Dissenting, Judge Kozinski wrote that the majority defies structure, precedent and common sense by interpreting immigration status to mean both lawful and unlawful status. Judge Kozinski concluded that the only sensible way to read the term status is to refer to one of several specific lawful categories, and that the majority creates an intra-circuit conflict with Lai Haw Wong v. INS, 474 F.2d 739, 742 (9th Cir. 1973), where the court explained that "mistaken admission conferred no status, permanent resident or otherwise." Further, Judge Kozinski wrote that if any doubt remains about the meaning of status, the court should defer under Chevron to the BIA's interpretation.

          OPINION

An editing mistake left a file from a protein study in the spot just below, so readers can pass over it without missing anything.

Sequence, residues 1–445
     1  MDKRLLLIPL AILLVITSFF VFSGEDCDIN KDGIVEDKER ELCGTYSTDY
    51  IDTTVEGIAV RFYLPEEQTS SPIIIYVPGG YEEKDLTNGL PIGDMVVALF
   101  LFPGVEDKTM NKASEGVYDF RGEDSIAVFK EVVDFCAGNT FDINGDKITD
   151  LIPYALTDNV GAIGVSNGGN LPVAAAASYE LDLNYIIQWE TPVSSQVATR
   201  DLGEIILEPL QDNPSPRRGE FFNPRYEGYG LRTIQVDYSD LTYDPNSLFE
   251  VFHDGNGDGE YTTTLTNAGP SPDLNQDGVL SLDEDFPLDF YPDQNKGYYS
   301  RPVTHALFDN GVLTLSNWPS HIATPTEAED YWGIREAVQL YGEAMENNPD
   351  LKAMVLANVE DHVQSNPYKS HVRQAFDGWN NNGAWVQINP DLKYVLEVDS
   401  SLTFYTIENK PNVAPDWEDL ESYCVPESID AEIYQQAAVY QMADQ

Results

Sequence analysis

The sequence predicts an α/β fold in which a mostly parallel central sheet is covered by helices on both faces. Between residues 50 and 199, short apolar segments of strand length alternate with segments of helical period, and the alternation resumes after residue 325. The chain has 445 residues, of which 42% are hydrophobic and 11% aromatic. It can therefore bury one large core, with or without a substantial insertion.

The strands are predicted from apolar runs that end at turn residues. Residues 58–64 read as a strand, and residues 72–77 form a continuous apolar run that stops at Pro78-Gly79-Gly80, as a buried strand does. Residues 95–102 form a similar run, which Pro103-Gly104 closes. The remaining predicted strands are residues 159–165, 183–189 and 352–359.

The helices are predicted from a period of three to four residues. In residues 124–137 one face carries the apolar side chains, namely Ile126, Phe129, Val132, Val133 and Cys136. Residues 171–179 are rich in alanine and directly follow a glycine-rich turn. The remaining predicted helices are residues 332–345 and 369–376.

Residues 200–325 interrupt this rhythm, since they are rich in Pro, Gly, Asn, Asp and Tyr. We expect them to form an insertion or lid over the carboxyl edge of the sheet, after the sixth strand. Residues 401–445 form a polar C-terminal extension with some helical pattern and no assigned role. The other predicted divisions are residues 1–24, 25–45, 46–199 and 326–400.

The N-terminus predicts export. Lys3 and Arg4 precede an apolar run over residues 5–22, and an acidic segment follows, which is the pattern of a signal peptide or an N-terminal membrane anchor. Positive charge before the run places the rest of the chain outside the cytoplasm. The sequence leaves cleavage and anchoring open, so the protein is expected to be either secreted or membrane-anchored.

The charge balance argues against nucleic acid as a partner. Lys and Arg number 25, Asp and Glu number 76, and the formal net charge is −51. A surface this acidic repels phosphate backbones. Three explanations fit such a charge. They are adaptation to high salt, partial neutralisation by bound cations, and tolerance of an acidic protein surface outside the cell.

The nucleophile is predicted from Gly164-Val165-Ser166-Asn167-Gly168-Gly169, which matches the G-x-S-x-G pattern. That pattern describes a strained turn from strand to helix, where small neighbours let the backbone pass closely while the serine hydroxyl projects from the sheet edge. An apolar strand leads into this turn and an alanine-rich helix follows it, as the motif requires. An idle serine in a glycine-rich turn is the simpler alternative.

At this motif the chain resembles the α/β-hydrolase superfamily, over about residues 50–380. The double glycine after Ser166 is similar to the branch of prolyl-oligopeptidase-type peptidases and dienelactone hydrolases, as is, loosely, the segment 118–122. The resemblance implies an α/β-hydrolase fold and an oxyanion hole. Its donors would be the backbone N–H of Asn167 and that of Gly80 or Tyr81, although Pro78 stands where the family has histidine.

REINHARDT, Circuit Judge

         Abraham Villalba Saldivar ("Saldivar"), a native and citizen of Mexico, petitions for review of a decision by the Board of Immigration Appeals ("BIA"). In an unpublished, single-member decision, the BIA held that he was statutorily ineligible for cancellation of removal because he could not establish seven years of continuous residence in the United States after having been "admitted in any status." 8 U.S.C. § 1229b(a)(2). Saldivar was "admitted" in 1993 when he was waved across the border after inspection by an immigration officer. Therefore, we must address only whether this "admission" was "in any status." Because the phrase "in any status" plainly encompasses every status recognized by immigration statutes, lawful or unlawful, we hold that Saldivar's procedurally regular admission in 1993 was an admission in any status under § 1229b(a)(2) and grant his petition for review.